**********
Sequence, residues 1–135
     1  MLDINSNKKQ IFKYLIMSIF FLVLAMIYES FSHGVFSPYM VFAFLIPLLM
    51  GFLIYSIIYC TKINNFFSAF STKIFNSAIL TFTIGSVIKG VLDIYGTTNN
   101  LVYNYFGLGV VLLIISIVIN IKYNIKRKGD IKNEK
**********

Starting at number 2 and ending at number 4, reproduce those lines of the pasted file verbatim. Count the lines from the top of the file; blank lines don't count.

     1  MLDINSNKKQ IFKYLIMSIF FLVLAMIYES FSHGVFSPYM VFAFLIPLLM
    51  GFLIYSIIYC TKINNFFSAF STKIFNSAIL TFTIGSVIKG VLDIYGTTNN
   101  LVYNYFGLGV VLLIISIVIN IKYNIKRKGD IKNEK